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Sat Apr 19 20:08:06 SAST 2014

Racism furore overshadows cricket in Australia

Gareth Cotterell | 11 November, 2012 10:140 Comments
Cricket bat and balls
Image by: Teaukura Moetaua / Getty Images

The test series between South Africa and Australia has been overshadowed by racist remarks made by a former Australian player.

Sunday Times reports that Greg Ritchie used the k-word and made jokes about Muslims during a lunch-time function at the Brisbane Cricket Ground.

Ritchie dragged former South African captain Kepler Wessels into the controversy. They were teammates while Wessels played for Australia during apartheid. Ritchie told an anecdote about the time they played against the West Indies and he said to his South African teamate 'Hey, Kepler, your not going to call this lot k****** today, are you?'.

An upset Wessels has labelled this comment as disgraceful.

The racist rant did not stop there though. Ritchie made an offensive joke about Muslims saying, "I've got nothing against the Muslim people. Just this morning I had to try and stop three little Muslim boys trying to break the lock on my car boot.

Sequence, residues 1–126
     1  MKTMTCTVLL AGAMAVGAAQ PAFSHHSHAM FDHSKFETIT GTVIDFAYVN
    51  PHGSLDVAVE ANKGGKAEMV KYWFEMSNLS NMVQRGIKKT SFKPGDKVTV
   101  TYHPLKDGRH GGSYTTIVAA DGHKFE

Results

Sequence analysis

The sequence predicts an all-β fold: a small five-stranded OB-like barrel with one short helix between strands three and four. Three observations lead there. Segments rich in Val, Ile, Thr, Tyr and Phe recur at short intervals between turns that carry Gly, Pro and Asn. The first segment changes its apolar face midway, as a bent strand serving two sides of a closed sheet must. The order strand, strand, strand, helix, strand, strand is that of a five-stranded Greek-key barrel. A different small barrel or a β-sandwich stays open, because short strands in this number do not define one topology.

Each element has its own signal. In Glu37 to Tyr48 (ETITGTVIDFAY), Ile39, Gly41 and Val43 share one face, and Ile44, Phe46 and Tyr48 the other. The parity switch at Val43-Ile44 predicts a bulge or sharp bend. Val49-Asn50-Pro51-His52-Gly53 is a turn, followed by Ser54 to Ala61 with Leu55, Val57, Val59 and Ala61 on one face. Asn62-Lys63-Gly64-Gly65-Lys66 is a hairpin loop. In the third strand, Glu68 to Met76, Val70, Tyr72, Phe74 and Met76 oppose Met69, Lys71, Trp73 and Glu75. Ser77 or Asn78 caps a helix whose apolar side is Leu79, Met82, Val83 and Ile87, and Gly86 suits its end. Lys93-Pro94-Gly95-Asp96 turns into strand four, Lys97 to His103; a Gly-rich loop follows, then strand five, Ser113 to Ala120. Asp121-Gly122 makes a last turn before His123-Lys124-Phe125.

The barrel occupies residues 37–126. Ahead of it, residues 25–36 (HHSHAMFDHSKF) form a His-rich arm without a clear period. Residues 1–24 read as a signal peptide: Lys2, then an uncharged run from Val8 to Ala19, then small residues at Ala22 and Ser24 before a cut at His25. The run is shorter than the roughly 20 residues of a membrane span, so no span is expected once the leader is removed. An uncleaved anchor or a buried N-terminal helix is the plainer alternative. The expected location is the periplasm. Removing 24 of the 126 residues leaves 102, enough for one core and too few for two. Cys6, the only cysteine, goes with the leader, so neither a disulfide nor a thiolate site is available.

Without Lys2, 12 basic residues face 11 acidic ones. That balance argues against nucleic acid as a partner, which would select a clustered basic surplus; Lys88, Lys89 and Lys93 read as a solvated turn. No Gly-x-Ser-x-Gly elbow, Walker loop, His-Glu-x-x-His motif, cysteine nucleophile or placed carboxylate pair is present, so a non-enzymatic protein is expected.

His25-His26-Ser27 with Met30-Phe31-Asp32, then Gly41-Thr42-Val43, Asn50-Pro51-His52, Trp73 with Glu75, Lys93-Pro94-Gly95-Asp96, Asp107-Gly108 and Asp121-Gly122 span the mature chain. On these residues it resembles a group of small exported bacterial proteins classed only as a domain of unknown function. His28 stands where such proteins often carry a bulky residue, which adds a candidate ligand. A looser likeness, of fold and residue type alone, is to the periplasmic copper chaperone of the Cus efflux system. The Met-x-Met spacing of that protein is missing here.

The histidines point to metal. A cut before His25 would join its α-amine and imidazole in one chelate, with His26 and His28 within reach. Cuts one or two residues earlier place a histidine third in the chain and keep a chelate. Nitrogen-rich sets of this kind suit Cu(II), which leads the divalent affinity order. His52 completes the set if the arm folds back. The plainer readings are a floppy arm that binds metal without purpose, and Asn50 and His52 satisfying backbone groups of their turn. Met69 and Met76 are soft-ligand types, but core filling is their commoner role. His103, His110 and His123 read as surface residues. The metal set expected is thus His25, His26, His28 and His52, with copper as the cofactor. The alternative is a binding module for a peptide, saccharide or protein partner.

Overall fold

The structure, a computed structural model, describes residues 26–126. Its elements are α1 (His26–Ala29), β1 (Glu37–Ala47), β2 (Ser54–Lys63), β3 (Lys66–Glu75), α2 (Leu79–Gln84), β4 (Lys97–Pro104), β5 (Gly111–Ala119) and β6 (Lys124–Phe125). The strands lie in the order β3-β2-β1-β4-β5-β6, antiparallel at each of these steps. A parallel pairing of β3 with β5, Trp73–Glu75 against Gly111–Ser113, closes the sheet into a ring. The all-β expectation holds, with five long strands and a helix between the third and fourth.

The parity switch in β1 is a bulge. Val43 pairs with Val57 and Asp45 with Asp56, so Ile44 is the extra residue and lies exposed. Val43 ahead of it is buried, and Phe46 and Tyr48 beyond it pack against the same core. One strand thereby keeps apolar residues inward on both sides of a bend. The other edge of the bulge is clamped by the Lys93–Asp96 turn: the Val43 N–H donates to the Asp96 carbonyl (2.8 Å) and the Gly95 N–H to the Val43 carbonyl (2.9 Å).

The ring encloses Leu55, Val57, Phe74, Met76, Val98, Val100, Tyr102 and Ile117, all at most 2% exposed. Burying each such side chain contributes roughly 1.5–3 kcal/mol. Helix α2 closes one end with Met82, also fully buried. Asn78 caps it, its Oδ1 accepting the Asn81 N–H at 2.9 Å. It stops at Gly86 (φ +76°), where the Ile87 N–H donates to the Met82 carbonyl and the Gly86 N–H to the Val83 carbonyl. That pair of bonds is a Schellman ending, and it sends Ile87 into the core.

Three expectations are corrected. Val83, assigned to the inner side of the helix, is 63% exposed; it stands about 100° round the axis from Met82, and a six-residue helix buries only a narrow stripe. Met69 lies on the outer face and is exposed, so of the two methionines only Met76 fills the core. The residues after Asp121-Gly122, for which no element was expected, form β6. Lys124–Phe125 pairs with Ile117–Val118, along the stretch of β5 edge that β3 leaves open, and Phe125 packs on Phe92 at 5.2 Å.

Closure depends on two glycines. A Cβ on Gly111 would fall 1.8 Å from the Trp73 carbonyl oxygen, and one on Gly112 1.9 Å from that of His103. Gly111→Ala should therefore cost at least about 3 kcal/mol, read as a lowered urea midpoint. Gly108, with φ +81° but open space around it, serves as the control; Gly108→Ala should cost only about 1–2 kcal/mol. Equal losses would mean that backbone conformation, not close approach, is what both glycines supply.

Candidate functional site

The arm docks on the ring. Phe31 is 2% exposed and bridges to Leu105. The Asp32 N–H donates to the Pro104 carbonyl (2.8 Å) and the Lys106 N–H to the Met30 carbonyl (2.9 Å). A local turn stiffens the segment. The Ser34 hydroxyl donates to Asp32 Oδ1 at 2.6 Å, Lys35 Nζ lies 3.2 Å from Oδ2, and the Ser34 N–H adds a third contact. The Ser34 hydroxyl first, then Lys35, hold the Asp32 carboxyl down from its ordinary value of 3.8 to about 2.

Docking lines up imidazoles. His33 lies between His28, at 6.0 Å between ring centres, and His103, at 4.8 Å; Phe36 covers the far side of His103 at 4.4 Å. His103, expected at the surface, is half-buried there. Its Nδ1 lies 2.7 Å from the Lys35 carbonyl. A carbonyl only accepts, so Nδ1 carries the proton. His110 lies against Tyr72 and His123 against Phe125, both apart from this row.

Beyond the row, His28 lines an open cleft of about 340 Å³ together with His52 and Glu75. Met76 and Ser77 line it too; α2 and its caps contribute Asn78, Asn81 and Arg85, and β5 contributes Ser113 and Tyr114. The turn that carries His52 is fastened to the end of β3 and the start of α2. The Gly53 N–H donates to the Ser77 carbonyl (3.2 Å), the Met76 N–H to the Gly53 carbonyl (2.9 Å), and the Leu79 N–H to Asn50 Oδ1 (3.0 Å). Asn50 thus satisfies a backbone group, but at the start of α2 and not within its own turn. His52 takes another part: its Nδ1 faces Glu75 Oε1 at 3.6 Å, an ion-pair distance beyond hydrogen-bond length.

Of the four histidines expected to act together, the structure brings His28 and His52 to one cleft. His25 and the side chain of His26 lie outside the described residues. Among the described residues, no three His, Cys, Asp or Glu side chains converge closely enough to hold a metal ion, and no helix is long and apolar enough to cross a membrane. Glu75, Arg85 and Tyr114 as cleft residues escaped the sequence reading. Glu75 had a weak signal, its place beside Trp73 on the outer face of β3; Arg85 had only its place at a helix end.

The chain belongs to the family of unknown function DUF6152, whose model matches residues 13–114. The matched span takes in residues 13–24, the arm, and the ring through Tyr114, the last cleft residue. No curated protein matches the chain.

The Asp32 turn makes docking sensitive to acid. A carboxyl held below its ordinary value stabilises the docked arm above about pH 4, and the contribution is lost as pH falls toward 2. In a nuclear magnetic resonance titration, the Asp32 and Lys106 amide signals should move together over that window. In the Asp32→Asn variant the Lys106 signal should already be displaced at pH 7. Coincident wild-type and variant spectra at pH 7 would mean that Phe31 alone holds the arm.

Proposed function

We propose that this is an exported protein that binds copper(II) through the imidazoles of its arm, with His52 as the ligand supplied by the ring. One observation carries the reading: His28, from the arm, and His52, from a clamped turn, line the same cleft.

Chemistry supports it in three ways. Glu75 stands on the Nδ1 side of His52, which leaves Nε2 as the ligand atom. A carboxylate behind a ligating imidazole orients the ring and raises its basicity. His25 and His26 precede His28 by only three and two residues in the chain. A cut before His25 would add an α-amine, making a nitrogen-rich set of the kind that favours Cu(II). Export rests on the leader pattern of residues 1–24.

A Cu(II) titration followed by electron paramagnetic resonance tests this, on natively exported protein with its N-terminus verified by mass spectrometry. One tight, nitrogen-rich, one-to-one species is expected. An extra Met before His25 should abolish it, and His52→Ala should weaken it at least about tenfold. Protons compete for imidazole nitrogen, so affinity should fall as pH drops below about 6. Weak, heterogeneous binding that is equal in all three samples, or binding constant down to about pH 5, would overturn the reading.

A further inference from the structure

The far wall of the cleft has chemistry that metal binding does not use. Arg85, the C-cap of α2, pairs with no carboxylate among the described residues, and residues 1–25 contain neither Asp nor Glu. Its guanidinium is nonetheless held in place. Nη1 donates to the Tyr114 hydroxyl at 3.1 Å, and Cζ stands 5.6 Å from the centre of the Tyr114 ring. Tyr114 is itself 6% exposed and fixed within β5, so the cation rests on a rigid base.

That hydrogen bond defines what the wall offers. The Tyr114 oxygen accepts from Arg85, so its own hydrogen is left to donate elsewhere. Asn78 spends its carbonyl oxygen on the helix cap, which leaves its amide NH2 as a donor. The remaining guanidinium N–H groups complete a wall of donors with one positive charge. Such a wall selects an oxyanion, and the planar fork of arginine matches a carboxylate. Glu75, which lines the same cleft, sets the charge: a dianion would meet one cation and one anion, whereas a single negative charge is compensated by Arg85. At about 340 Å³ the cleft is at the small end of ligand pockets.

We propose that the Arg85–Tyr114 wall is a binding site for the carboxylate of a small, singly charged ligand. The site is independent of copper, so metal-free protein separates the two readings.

"I had to say, 'Shut up! You're in there for a reason!'"

He also referred to former Pakistan captain and cricket great Imran Khan as 'an absolute knob'.

The Sydney Morning Herald has since reported that Ritchie is defending himself against the racism claims.

The former player is refusing to apologise.

Of the Muslim comments, Ritchie has said "That's a joke that I use, and I'll continue to use it. It's just a little humourous joke to indicate that they're not my favourite people of my choice. If they take offence that's their choice."

Ritchie also claims he meant no harm when telling the joke about Wessels.

"It's a joke I've used 500 times," Ritchie said on Sunday. "It's a reference to us playing against the West Indies [in a match for Queensland against the West Indies in 1980] and I say to him 'You wouldn't use that word against these guys would you?'. I am not saying that Kepler said that word at all."

"It's disappointing to think this has become an issue. I do a lot of public speaking around the world and I tell the story all the time."

The Australian has since been told he is no longer welcome at any of the matches during the current test series in which South Africa and Australia are vying for the top spot in the test rankings.

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